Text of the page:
An account of N+1’s symposium “What Was the Hipster?” conducted in early 2009 at the New School University
Sitting in the front row to the left of the panel was, if I am not mistaken, the lead singer of Vampire Weekend, Ezra Koenig. I remembered reading something by Elif Batuman, a frequent N + 1 contributor and author of “The Possessed,” about a correspondence between her and Koenig, how he had sent her some short stories and she had remarked about liking them and admiring his attitude (1).
I wore slim APC jeans, a buttoned down pin-stripe oxford shirt (untucked), Sperry topsiders and a wool duffle coat. I was accompanied by my girlfriend, an associate menswear designer at a luxury clothing brand. During the symposium, panelist Christian Lorentzen made a derisive comment about people working in the fashion industry and the entire audience laughed. My girlfriend was not particularly hurt by these remarks, but it must have been an interesting and unique experience for her. How many people have overheard their profession and livelihood ridiculed to the approval and laughter of 100 people in a small room?
The audience, save Koenig, was not dressed interestingly and did not strike me as anyone’s idea of hip or cool.
The most memorable panelists were Christian Lorentzen and DJ Rupture. The moderator was Lorentzen’s sister - her exchanges with her brother were familial and charming and a welcome reprieve from the seriousness of the setting. A lot of time was used in an effort to determine the exact characteristics of the hipster. DJ Rupture talked about cultural transfusion and the globalization of subculture [lingering on the phenomenon of peruvian hipsters he had recently come into contact with, who he characterized as “not as cool” as the audience (his flattery elicited titters)]. Lorentzen appeared surly and spoke frequently of financial difficulty and unemployment.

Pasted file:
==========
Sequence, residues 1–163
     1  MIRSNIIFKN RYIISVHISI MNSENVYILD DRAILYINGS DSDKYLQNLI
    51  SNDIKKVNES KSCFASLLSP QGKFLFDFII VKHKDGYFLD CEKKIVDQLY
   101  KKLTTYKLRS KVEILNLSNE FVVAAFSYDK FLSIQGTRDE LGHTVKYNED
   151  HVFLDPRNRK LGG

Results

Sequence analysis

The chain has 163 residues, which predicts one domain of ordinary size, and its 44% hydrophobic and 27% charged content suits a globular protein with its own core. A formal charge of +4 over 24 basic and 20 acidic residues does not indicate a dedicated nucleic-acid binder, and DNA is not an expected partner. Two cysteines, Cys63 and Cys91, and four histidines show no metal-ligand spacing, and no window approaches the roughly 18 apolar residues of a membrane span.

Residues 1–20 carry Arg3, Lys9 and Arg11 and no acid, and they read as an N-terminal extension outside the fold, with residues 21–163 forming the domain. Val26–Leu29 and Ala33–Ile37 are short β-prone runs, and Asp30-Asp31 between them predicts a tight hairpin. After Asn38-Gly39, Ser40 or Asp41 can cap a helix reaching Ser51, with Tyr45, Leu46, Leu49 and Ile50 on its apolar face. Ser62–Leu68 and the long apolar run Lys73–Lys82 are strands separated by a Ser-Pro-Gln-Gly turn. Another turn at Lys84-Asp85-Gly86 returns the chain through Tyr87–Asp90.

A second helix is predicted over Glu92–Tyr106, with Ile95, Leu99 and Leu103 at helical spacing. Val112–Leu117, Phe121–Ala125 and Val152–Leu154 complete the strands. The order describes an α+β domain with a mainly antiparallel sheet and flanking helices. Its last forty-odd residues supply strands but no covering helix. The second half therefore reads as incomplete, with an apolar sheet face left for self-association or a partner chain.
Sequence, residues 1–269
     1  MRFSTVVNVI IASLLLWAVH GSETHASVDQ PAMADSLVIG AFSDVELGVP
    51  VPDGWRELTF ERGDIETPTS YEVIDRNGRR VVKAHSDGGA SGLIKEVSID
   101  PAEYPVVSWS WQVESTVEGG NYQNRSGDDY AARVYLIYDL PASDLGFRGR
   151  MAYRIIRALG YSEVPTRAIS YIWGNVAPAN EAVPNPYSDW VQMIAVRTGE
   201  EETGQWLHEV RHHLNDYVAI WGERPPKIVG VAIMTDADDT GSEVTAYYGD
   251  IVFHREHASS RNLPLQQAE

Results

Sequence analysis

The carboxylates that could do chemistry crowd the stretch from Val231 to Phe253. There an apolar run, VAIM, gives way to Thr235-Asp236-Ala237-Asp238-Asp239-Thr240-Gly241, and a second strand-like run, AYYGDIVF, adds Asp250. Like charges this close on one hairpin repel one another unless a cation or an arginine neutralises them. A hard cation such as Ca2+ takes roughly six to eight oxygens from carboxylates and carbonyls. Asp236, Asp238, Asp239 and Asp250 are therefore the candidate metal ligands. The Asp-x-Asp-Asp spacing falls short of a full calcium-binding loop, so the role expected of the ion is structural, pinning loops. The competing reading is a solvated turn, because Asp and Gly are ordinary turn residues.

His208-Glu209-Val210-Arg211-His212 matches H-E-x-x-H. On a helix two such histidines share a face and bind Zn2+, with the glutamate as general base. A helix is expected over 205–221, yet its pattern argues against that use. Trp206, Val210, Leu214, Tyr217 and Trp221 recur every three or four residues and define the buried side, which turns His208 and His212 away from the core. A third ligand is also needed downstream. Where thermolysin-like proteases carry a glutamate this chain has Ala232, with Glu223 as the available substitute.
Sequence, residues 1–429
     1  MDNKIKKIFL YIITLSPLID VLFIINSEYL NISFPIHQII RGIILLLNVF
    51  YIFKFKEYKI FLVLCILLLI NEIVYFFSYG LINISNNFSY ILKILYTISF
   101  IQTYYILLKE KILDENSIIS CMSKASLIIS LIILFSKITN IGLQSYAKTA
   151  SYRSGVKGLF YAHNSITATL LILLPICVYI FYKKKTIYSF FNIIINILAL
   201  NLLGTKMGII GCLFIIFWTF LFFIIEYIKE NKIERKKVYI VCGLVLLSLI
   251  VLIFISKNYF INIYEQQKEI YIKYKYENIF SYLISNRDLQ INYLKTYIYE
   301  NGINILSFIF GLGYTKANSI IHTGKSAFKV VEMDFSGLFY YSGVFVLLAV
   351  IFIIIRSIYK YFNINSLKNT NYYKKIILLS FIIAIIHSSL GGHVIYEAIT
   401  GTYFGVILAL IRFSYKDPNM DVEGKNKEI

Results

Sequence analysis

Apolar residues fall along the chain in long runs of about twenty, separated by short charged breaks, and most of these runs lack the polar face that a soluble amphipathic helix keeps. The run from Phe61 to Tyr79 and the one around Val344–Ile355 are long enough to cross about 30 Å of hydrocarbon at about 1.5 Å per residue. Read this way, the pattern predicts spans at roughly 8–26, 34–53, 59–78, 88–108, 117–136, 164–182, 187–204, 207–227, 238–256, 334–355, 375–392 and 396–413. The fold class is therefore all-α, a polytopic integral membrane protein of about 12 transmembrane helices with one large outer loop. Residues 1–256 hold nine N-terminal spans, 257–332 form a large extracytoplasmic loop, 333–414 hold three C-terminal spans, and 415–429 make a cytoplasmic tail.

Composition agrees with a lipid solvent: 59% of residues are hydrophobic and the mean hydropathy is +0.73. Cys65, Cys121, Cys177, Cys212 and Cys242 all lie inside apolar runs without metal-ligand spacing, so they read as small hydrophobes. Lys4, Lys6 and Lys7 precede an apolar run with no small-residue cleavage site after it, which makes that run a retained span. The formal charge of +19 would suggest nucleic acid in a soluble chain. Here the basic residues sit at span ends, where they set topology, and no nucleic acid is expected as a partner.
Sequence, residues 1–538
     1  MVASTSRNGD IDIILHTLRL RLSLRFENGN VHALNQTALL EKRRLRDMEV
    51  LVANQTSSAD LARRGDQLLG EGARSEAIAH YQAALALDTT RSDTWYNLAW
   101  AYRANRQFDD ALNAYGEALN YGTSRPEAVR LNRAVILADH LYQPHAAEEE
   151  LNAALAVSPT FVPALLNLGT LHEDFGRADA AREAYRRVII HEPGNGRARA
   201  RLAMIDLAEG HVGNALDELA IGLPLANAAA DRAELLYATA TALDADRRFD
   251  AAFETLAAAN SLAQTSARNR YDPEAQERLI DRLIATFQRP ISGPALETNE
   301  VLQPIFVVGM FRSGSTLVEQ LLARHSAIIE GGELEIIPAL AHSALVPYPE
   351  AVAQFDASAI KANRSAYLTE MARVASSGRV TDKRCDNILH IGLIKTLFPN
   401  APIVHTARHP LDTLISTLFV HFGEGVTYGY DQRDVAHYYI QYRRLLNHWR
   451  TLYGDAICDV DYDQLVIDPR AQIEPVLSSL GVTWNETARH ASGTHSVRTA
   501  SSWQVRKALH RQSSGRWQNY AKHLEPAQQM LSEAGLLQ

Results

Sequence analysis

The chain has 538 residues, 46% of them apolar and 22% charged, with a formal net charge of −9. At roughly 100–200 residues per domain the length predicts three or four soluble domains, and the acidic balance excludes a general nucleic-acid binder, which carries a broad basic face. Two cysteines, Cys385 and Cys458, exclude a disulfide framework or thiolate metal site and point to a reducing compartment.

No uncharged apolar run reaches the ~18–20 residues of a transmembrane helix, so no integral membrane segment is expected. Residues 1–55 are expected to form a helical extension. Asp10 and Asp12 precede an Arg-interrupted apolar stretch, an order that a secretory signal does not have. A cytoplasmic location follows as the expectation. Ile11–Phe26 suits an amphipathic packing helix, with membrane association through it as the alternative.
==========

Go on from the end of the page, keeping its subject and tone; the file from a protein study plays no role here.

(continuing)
During the Q and A a mid twenties male shoehorned a question into praise of the magazine and its contributors and a plea for them to keep working at it. Another young man appeared agitated and said the discussion of characteristics of hipsters crucially missed that being hip is about being the coolest person in the room and that it is something intangible and perhaps an eternal feature of human sociality.
I tried to imagine what a person in Ezra Koenig’s situation would be getting from the conversation, whether or not he saw himself as a hipster, or an intellectual, or what. At the end of the symposium one of the panelists announced that it would later become a pamphlet and published by N + 1 (2).
Paddy Johnson, the blogger behind Art Fag City, nervously asked a question which seemed to confuse the entire panel, and then herself. When she blogged about the event I left an anonymous comment saying that she was cute (3).
3: http://www.artfagcity.com/2009/04/16/what-was-the-hipster/ *Brian*